On a day like today, I’m forced to re-evaluate my overweight investment position in Apple Stock. Fortunately, I first purchased Apple shares in 2004 in the same month that I got my first iPod, the newly introduced iPod Mini. At the time, I marveled at the miracle of having so much of my music embedded in such a small player and the ease with which I could play back and enjoy the music. I have since owned many other Apple products, but my favorite Apple has been AAPL, the stock.
Why did I buy in the first place?
I have 3 primary investment philosophies that I use to initiate any real-money investments. Apple checked 2 of the boxes at the time. First, it was a product I know and love, along the lines of Peter Lynch’s “Invest in what you know” principle. Second, it fit one of my identified business trends, the Long Tail, by enabling access to ever more distribution of music and other media content.
It has payed off well for me over these 9 years. So, even with Apple down another 13% today at about $450 per share, I am up about 2000% from that initial purchase, so nothing to worry about from that sense. But, the question remains – is it time to exit the building? My answer is an emphatic “NO!” so let me explain some reasons quickly.
Does my reason for owning still apply?
My original thesis for investing still applies. Apple still makes great products that I am more than willing to pay for and enjoy owning and using daily. Also, the Long Tail of media consumption continues to develop, and I believe the Apple ecosystem is a strong contender in this space, for music, TV, movies, books, apps, and other content. The value of the ecosystem can’t be too easily dismissed here. I, and many others, have invested in content that is most useful when paired with Apple products, so I’m most likely to continue choosing Apple as long as there isn’t a more compelling reason to switch. In addition, I believe that a newer business trend and inflection point that I’m now investing toward also applies, and that is the mobilization of computing. Smartphones, tablets, and similar are changing the way that we compute and work with computers. Apple is also at the forefront of defining this next generation of computing.
Is the business still sound?
What about the fundamentals? Apple is debt-free and holding a pile of cash, now over $130 Billion (with a B!). The two core business categories continue to grow. iPhone sales grew by 29% YOY and iPad sales grew by about 48% YOY. That is tremendous growth into the mature markets of mobile phones and computers. Still, Apples global market share leaves much room for future unit growth. Also, that means Apple sold over 75 million iOS devices during that quarter, further establishing the ecosystem.
Is the price too high?
What about the Price? I think Apple is undervalued. If you can show me another company that has achieved revenue growth of 27% per week YOY and continues to make record profits in it’s industry and sells for an effective P/E under $8 (after removing cash), then I want to know that stock too. For another perspective check, if Apple ran a price multiple (PE) like Google, it would be priced at over $1000 per share. If it was priced at a multiple like Amazon, it would be priced at over $6000 per share. In all, I think that the current price is quite attractive for the earnings. If Apple is able to continue growing revenues going forward, it will have to move to a higher price since there is not much downside from here.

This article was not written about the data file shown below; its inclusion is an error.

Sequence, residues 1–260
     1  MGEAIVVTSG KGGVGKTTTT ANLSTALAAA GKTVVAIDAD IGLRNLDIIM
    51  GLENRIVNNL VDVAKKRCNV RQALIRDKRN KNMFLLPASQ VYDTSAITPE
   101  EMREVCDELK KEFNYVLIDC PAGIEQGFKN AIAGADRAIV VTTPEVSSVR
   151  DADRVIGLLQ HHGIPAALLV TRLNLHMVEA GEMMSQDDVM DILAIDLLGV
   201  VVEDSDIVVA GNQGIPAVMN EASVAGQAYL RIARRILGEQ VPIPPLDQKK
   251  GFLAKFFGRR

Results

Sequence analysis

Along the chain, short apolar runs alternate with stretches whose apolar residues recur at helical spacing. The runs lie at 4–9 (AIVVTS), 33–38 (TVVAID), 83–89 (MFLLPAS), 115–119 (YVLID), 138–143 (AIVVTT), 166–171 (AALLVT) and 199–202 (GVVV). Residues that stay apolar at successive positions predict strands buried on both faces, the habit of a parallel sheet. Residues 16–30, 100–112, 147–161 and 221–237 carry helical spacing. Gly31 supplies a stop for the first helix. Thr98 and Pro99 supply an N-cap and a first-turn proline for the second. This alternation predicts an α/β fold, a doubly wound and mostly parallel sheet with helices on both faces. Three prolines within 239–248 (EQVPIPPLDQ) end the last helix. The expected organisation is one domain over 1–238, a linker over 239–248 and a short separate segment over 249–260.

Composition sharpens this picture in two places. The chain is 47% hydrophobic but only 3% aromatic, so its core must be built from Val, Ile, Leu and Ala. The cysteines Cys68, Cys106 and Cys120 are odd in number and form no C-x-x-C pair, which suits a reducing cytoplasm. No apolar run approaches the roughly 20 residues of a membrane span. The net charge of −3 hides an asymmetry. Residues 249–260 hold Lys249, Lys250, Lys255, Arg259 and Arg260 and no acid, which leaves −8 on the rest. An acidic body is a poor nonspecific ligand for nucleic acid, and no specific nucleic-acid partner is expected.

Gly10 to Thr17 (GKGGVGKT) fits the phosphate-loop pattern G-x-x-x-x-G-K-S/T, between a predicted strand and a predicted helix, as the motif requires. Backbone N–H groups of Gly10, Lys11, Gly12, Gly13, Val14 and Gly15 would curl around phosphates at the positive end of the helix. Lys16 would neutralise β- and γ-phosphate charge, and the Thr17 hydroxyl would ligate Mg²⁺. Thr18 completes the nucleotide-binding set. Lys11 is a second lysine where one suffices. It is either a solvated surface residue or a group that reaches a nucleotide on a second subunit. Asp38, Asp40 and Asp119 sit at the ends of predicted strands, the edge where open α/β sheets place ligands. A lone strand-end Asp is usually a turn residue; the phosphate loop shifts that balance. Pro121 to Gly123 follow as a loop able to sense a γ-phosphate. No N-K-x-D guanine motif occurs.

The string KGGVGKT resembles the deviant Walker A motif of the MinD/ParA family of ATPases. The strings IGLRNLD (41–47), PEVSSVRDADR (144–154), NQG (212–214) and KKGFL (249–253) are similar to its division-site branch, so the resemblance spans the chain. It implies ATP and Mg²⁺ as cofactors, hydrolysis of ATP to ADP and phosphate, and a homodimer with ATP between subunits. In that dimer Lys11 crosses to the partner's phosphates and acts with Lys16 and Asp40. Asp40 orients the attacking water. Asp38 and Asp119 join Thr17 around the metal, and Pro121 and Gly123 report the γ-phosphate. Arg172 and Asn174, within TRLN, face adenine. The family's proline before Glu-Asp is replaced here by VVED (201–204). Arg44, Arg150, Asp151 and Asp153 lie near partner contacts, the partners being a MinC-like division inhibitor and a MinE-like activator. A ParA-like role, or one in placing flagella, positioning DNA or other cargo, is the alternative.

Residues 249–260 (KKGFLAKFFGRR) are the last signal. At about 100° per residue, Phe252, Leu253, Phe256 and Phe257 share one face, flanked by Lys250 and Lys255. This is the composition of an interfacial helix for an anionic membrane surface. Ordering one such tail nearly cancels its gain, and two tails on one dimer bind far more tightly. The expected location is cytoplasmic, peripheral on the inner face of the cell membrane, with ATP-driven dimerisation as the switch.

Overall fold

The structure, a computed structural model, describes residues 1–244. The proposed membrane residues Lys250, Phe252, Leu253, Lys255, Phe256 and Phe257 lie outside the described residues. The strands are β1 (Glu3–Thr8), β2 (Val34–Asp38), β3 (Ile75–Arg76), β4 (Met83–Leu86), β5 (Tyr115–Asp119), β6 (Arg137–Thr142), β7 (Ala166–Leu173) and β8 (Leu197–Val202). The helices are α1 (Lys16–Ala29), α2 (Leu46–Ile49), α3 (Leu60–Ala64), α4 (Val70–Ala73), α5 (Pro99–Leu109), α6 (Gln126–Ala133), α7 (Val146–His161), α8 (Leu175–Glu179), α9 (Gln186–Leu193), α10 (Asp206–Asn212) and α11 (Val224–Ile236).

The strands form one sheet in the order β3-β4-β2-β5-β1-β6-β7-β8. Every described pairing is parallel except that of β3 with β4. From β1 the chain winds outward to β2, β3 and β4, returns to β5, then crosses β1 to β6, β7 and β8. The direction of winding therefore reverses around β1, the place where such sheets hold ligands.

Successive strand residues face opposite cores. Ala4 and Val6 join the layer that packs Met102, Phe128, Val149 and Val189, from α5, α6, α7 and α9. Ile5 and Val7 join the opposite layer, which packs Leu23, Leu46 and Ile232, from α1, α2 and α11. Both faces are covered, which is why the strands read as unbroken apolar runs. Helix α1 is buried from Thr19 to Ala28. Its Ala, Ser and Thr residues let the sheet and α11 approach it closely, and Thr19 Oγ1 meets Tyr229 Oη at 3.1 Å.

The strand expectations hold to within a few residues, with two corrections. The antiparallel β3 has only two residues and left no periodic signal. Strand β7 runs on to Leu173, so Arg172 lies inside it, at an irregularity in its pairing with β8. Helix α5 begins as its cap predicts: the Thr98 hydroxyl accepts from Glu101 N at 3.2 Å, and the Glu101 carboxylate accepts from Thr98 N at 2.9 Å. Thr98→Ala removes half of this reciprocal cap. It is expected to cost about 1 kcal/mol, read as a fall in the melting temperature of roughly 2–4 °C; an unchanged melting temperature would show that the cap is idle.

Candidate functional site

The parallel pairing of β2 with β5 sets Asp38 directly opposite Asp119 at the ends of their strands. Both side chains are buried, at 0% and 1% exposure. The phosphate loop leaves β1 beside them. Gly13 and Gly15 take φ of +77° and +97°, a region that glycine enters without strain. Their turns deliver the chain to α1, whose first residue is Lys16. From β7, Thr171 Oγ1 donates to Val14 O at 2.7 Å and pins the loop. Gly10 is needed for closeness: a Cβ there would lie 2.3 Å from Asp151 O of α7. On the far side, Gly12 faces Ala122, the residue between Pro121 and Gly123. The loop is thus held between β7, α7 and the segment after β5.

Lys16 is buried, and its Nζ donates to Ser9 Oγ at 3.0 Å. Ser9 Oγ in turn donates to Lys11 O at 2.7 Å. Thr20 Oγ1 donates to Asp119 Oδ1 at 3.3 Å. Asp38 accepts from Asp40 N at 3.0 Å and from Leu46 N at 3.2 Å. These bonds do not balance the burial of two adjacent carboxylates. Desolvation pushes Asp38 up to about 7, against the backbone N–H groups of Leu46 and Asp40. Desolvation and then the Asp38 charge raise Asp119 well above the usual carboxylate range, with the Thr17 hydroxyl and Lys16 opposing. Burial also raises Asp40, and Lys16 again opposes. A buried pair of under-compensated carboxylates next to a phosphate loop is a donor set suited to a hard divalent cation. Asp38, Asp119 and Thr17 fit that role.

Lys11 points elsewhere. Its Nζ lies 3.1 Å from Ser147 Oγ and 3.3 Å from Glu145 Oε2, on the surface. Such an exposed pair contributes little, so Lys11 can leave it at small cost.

Why is the market less enthusiastic than me?
There are 2 main problems that I have to acknowledge. First, margins are being squeezed. Both iPhone and iPad yielded lower margins in this latest quarter’s results. That’s why income stayed relatively flat with such dramatic revenue growth. In iPhone line, this is mostly due to the product refresh. iPhone 5,being early in it’s lifecycle, is more expensive to make so the margins are somewhat lower. Over the lifecycle, Apple will see component costs go down and yields go up with relatively stable pricing, so the margins will improve. For iPad, they launched the iPad Mini recently and a greater portion of iPad sales are in the lower priced and lower margin iPad Mini. I see this as a worthwhile trade-off as it is important to remain the best provider of mobile computers and protect market share position. I believe that Apple will continue to dominate this space much as they did in iPods. That will require them to offer more than one model and price tier as they are already doing.
Second, there is an emotional question of whether Apple will continue to be the same company now that Steve Jobs is no longer at the helm. As an admirer of SJ, I understand this concern and share it in the long run. Disney and other great personality-driven brands have struggled with the loss of their charismatic force of a leader. My answer to this is that even if Apple does nothing truly innovative and just iterates on the products already existing, Apple will continue to be a major force in the computing and phone markets. That alone should continue to drive great value over the mid-term. I personally believe that Apple has a unique culture that could still birth new and exciting products that transform other industries. Maybe its the elusive Apple brand TV or maybe something else. We can only wait and see.
My Apple Stock is not for sale!
I’m willing to ride this one out. In the current economy, if I sold my Apple stock, I’m not sure what would be the better place to safeguard my retirement savings. Apple pays about 2.3% dividend with a chance for the dividend to increase over time, which is better than money market or T-Bill rates. I believe that Apple will continue to grow it’s business, so I expect to reap some benefit from that over time as the market realizes that Apple is still performing well and will continue to make piles of money for it’s shareholders.